Agalinis gattingeri (Small) Small ex Britt.
Round-stemmed False Foxglove
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Basis for Listing
This unusual plant follows a familiar pattern of occurrence that is typical of many rare species with wide distribution. Agalinis gattingeri is declining across much of its range, especially in the northern portion, but it appears to be secure in a smaller region at the center of its range. In this case, the decline of the peripheral populations could cause a significant loss of genetic diversity long before the species as a whole becomes threatened. Such a decline may now be taking place in Minnesota, but the lack of documentation makes it difficult to determine.
Agalinis gattingeri is an upright herb with slender, ascending branches and linear leaves. Stems are somewhat round in cross section. Flowers appear in late summer and turn from pink to pinkish-purple upon drying. It has a 5-cleft flower with the upper 2 lobes smaller and more united than the lower 3 lobes. The lower lobes and throat have soft hairs, with 2 yellow lines and many purplish-red spots decorating the inside of the throat. Leaves are shorter than the flower stalk. Agalinis gattingeri plants remain more or less green upon drying. This species is similar to A. aspera (rough gerardia), which may occur in the same habitat, but has a stem that is rough to the touch (Canne-Hilliker 1987; Ostlie 1990; Voss 1996).
The population of A. gattingeri in Winona County occurs on a hillside prairie in sandy soil. The site has a dry, sunny, south-facing exposure and is typical of such habitats in that region. There is no habitat description for the 19th-century collections, but judging from their origins in the Mississippi and St. Croix river valleys, it is likely that they came from hill prairies as well.
Biology / Life History
This plant is an annual hemiparasite. It is not certain which species serve as its host, but other species in the genus Agalinis form attachments to almost any neighboring root. Agalinis gattingeri is most abundant in association with taller, clump-forming grasses. The floral design is consistent with insect-pollinated flowers: yellow lines leading to purplish-red spots would seem to attract insect pollinators. Plants flower from August to mid-September and occasionally into early October. Each flower opens for a single day, the corolla falling from the plant in late afternoon. Seeds are produced mainly in September. Capsules contain numerous seeds that may be shaken by the wind, dispersing the seeds. An annual, this species is dependent upon previously produced seed for regeneration. As is typical in annuals, large annual fluctuations in abundance are noted in its populations. Seeds may remain dormant in the soil for years until favorable germination conditions occur. The length of seed viability in these seed banks is unknown (Canne-Hilliker 1987; Ostlie 1990).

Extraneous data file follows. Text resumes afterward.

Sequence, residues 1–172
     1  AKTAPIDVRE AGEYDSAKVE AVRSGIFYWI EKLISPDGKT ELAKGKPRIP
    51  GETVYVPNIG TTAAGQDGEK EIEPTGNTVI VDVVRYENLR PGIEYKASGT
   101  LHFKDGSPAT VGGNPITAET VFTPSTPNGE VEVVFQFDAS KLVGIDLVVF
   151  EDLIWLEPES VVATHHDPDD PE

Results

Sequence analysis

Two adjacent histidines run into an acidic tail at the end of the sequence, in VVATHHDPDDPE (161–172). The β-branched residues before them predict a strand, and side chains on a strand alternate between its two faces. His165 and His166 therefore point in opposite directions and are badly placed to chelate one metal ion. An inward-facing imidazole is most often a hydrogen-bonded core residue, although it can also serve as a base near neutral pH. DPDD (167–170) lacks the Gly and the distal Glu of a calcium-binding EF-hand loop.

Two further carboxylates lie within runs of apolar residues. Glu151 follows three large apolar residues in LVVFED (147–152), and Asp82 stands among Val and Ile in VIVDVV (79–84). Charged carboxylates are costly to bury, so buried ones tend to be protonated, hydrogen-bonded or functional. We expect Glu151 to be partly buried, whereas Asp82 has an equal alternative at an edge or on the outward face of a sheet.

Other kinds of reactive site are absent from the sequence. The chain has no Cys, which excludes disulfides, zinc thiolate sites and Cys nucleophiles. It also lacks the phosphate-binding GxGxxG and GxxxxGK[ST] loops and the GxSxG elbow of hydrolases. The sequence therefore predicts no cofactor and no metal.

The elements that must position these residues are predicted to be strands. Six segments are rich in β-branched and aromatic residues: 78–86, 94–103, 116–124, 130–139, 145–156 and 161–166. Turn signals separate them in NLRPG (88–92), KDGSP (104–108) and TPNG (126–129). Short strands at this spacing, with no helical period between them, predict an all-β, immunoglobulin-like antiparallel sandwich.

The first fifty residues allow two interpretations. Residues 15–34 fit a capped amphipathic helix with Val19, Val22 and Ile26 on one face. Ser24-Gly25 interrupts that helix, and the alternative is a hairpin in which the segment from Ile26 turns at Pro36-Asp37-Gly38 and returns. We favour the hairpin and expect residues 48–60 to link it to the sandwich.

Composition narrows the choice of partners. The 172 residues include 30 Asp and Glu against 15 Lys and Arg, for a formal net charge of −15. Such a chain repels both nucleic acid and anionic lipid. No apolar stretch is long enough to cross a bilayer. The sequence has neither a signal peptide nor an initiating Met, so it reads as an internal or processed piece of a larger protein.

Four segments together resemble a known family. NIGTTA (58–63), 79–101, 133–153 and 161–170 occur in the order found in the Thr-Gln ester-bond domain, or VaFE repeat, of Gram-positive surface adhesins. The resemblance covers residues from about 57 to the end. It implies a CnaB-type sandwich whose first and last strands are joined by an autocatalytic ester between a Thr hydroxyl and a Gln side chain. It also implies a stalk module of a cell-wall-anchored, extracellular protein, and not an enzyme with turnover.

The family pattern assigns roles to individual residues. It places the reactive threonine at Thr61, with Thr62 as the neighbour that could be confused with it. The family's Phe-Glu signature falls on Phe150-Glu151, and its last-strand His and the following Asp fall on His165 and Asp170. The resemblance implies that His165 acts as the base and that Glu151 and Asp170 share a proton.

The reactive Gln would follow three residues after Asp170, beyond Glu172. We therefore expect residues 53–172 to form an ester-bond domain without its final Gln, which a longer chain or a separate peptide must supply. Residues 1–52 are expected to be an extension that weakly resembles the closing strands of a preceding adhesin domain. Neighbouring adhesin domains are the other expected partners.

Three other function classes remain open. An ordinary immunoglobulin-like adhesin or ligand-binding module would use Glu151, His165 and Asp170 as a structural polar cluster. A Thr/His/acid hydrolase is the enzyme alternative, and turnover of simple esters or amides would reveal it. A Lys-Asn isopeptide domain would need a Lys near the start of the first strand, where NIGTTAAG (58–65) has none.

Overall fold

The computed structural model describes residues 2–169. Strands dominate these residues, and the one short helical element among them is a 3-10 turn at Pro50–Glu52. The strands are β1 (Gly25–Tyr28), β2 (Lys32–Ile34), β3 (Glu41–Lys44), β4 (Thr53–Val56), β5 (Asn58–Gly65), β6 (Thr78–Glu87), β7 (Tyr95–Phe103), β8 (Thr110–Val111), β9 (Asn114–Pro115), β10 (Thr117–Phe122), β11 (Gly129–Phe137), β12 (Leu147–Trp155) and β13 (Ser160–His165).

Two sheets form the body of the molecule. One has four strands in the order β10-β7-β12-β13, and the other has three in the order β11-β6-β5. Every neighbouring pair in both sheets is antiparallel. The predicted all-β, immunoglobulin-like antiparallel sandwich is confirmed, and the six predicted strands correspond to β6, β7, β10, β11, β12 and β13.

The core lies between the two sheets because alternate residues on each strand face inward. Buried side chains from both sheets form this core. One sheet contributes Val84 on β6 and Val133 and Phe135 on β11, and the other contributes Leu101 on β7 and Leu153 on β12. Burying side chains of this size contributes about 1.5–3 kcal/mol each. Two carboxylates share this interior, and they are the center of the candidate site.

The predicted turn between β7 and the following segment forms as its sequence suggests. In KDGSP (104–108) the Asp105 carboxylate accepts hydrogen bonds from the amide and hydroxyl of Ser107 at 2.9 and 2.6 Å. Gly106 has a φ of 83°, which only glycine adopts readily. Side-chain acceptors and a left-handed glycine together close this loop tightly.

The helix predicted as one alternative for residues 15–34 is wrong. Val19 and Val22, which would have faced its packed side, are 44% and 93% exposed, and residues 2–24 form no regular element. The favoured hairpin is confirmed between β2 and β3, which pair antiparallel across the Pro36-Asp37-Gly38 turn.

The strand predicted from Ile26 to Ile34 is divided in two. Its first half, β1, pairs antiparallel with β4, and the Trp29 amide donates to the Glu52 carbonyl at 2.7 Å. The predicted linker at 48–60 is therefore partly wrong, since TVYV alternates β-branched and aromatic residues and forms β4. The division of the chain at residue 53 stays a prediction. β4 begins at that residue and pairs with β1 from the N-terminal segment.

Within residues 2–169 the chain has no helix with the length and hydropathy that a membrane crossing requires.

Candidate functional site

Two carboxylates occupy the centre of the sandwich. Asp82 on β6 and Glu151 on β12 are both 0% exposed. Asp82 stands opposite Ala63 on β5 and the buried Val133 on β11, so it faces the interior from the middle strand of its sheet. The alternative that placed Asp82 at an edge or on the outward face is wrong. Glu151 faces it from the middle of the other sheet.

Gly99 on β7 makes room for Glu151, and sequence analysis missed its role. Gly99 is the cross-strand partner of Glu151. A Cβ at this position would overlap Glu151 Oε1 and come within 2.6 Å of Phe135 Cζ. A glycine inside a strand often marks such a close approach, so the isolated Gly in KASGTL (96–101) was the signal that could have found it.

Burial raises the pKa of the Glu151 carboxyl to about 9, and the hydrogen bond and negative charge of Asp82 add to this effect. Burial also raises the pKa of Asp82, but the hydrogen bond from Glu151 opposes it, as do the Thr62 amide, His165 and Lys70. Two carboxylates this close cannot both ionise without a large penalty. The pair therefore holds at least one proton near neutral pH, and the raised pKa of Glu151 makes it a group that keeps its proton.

Conservation / Management
Threats to A. gattingeri include human activities such as road construction, agriculture, housing development, and off-road vehicles. Fire suppression poses a threat as it allows succession from grassland to woodland. Some grasslands are endangered by Euphorbia esula (leafy spurge) infestations and could pose a grave threat to A. gattingeri populations (Canne-Hilliker 1987; Ostlie 1990). It is recommended that lands harboring this species as well as adjacent buffer lands be protected. Buffer protection is important to restrict herbicide drift, to support pollinators, and to ease management with prescribed fire. A regimen of dormant season prescribed fire at intervals of 3-5 years should be considered on sites so as to maintain the open grasslands or savanna that it prefers. Leafy spurge infestations should be identified and destroyed immediately. It is advised that annual, late summer monitoring of populations be conducted. Such monitoring may include a population census, habitat changes and trends, status of non-native invasive species, and encroachment of human activities from adjacent lands. Surveys should be conducted on potential habitat because data on the current range of A. gattingeri is poorly known. Further study would be useful. More information is needed concerning host specificity, germination requirements, and pollination ecology (Canne-Hilliker 1987; Ostlie 1990).
Conservation Efforts in Minnesota
The Minnesota DNR County Biological Survey has been completed in the likely range of this species in the state.
Canne-Hilliker, J. M. 1987. Status report on Gattinger's Purple False Foxglove, Agalinis gattingeri (Small) Small, an endangered species in Canada. Report submitted to the Committee on the Status of Endangered Wildlife of Canada, Ottawa, Ontario, Canada. 19 pp.
NatureServe. 2006. NatureServe Explorer: An online encyclopedia of life [web application]. Version 5.0. NatureServe, Arlington, Virginia.
Ostlie, W. 1990. Element Stewardship Abstract for Agalinis gattingeri - Gattinger's false foxglove, roundstem foxglove. The Nature Conservancy, Minneapolis, Minnesota.
Salamun, P. J. 1951. Flora of Wisconsin, XXXVI. Wisconsin Academy of Sciences, Arts, and Letters 40(2).
Voss, E. G. 1996. Michigan Flora. Part III: Dicots (Pyrolaceae-Compositae). Cranbrook Institute of Science Bulletin 61 and University of Michigan Herbarium, Ann Arbor, Michigan. 622 pp.